Driving long-term progress on inclusion

Written by
Chris Jones
City & Guilds Group

15 Jan 2018

15 Jan 2018 • by Chris Jones

At a time when Britain is tackling low productivity and wrestling the implications of leaving the European Union, it is short-sighted to lock people out of the workplace, warns Chris Jones, chief executive of City & Guilds Group.

This article is provided to Changeboard by our Future Talent 2018 partners, City & Guilds Group. You can see Chris Jones, CEO, in conversation with other business leaders at Changeboard's Future Talent Conference 2018 discussing the topic of digital inclusion.

Are we bringing in enough diverse talent to our businesses? 

Not yet. Ruby McGregor-Smith’s review reported that employment rates for people from black and minority ethnic (BAME) backgrounds are 12% lower than their white counterparts, or while the Social Mobility Commission found that only a fifth of the Muslim population is in full-time employment, compared to more than a third of the overall population; it’s clear we have a long way to go.

There have been strides made to boost diversity in business and examples from major employers such as PwC and EY, which are sharing their progress publicly.

However, employers are still waking up to the business benefits of a diverse workforce as opposed to just seeing it as a corporate social responsibility initiative.

We are only at the beginning of the ‘fourth industrial revolution’ which is bringing fundamental change to every business and industry.

Diversity will soon move from being a competitive advantage to a necessity for survival.

What are the barriers to change?

There are many. For starters, when recruiting new employees, we tend to hire candidates who are most like ourselves. Those from BAME backgrounds have reported not even reaching interview because of their names.

As Business in the Community has noted, this can make people feel as though certain sectors are closed to them and the cycle continues. One of the barriers we faced when making equality, diversity and inclusion a priority for our business was a lack of data on employees, which made it difficult to get a clear picture of how we were performing.

We have since committed to improving data and have made significant progress in the past year.

What needs to be done across the broader business landscape?

Businesses are increasingly aware of this issue and change is happening, albeit slowly. There’s no doubt that firms can go above and beyond mere legal compliance to enhance equality in the workplace – and that should be the goal of every business leader.

Discussion of how to embed change should happen at all levels of the business and be included in plans. Within industries and business groups more broadly, we need to share what’s working and celebrate success.

It’s easier for bigger corporates, with more resources, to make changes but by sharing ideas and learnings, we can make it easier for companies of all sizes to improve diversity.

What are you doing within City & Guilds Group on this agenda?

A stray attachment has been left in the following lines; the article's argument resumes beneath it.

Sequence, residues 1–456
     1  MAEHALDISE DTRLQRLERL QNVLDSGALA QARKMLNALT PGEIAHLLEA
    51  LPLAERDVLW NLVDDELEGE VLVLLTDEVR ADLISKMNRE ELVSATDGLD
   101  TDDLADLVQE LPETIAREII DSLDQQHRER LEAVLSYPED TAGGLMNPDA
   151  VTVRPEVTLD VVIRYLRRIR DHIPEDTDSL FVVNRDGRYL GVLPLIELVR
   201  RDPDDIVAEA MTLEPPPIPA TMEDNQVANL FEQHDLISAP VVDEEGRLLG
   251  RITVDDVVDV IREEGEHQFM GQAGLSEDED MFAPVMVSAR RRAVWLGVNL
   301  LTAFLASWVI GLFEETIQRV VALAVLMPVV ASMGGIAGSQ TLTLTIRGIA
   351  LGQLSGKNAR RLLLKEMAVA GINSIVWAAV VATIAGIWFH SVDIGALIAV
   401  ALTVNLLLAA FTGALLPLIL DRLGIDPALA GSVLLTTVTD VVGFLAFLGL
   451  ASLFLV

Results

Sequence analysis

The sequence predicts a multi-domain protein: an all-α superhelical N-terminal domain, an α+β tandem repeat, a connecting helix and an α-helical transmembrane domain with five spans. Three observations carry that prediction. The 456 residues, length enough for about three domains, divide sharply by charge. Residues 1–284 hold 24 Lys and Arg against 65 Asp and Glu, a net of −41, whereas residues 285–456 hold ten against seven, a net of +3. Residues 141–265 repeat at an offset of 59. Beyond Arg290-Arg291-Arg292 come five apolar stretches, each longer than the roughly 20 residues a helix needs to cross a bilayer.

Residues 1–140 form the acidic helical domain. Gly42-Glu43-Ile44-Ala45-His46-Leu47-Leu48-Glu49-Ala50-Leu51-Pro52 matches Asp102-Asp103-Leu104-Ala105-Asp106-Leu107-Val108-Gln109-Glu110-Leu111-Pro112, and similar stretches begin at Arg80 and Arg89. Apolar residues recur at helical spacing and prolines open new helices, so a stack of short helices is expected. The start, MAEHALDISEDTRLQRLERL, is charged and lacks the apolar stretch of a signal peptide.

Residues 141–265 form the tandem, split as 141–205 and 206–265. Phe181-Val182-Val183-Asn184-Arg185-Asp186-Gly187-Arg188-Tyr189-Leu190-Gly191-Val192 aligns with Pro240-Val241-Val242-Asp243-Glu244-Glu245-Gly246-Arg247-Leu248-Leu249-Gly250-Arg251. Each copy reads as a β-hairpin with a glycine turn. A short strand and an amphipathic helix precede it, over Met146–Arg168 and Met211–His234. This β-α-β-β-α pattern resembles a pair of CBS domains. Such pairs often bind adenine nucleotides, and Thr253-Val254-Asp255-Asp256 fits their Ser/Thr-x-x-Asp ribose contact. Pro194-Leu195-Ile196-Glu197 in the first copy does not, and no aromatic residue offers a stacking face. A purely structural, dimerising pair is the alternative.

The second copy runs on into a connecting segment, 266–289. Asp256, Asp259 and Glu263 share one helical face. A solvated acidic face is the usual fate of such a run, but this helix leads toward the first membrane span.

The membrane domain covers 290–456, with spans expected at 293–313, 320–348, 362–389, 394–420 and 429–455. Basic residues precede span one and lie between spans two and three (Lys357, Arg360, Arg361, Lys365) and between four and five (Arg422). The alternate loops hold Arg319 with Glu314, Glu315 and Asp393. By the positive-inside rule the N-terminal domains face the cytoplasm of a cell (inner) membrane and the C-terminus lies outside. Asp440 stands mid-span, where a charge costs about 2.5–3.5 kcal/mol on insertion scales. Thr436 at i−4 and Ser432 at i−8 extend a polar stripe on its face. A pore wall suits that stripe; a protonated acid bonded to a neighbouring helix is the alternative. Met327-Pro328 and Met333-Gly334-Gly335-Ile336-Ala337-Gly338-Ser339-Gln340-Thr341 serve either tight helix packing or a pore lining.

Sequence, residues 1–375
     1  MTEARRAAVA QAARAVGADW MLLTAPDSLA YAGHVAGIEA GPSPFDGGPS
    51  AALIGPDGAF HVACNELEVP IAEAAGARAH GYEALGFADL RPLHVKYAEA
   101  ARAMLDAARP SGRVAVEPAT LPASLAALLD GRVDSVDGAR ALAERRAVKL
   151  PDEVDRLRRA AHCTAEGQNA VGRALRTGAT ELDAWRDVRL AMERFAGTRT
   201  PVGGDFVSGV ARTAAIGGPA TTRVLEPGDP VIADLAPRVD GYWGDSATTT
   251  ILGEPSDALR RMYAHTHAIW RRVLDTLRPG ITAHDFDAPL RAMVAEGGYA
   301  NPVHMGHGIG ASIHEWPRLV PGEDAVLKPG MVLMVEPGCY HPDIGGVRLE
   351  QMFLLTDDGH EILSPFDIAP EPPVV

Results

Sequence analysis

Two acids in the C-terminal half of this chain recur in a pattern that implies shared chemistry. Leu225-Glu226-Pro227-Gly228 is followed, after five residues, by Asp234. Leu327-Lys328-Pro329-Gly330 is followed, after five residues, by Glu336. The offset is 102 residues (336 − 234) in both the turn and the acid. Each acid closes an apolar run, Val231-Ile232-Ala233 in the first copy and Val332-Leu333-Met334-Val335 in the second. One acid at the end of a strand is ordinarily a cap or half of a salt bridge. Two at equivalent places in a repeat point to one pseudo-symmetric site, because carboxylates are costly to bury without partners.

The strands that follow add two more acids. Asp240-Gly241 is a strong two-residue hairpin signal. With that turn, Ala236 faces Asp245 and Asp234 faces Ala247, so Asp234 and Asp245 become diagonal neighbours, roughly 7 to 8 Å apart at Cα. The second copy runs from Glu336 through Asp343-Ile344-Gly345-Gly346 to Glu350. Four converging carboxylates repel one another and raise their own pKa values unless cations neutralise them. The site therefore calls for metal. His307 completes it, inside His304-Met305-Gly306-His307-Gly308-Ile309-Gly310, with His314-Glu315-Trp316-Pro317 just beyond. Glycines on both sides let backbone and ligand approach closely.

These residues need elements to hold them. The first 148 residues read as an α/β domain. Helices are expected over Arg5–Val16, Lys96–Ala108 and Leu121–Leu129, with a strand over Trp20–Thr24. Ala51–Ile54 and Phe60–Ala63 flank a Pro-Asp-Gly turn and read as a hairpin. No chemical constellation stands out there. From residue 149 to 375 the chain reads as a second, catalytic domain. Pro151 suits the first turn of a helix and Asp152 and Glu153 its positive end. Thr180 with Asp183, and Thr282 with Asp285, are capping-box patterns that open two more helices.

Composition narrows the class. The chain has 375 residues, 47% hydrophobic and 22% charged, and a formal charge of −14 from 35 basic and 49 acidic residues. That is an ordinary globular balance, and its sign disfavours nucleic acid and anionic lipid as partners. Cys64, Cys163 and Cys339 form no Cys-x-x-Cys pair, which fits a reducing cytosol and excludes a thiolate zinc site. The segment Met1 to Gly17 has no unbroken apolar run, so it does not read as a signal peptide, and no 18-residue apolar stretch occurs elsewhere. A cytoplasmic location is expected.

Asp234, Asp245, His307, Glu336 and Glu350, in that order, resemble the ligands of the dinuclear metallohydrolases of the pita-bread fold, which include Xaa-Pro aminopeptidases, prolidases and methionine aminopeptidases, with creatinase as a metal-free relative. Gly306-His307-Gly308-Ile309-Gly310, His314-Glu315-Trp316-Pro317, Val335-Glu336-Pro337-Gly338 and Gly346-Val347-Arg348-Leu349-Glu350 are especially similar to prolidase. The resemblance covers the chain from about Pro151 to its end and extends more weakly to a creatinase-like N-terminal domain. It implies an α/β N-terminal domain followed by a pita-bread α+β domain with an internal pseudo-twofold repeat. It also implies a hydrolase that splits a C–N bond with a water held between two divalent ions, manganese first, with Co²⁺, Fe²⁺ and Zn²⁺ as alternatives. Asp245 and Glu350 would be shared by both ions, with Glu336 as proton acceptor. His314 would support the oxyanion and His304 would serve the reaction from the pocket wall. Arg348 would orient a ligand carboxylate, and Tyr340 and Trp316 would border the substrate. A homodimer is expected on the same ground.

The idea that groups of people should be excluded from entering or progressing in work is unacceptable and I’ve committed to improving our diversity.

While different ethnic groups are well-represented in entry-level positions, we have fewer BAME managers and senior leaders. Since we started to focus on equality, diversity and inclusion over a year ago, we’ve managed to increase the percentage of BAME managers by more than 50%. But it’s still not good enough.

We’re also rolling out a mandatory recruitment programme for hiring managers that will focus on unconscious bias, to address the issue of hiring to type. And we remain committed to apprenticeships and work experience to give that vital first step into work to people from diverse backgrounds.

What would be your advice to your peers, how ca leaders make a difference? 

Scrutinise every practice you have for recruiting, retaining and developing staff and ask how it could improve diversity. Are you giving people from diverse backgrounds an equal chance or hiring from a pool of ‘people like you’? HR professionals have an opportunity to drive this agenda and create organisations in which everyone can thrive.


Broaden your talent pool. Look beyond graduate recruitment programmes. If you’re paying an apprenticeship levy, look at how you can use apprenticeships to attract a diverse set of applicants.

Internship programmes can often penalise people who cannot afford to work for free. Consider joining programmes such as Creative Access which helps young people from BAME backgrounds get into the creative industries by connecting them with paid internship opportunities.

Also look at Future Proof, which has ideas on more inclusive recruitment and development approaches.

Look at access to training. It’s not enough to focus on diversifying your recruitment if progression opportunities are not the same for all.

Hold yourself accountable with data. If you know the make-up of your employees, you will be able to see where there is under-representation of certain groups in certain positions.

Take people with you. Communications, training and development on equality, diversity and inclusion is key to success.


See City & Guilds Group at the Changeboard Future Talent Conference 2018

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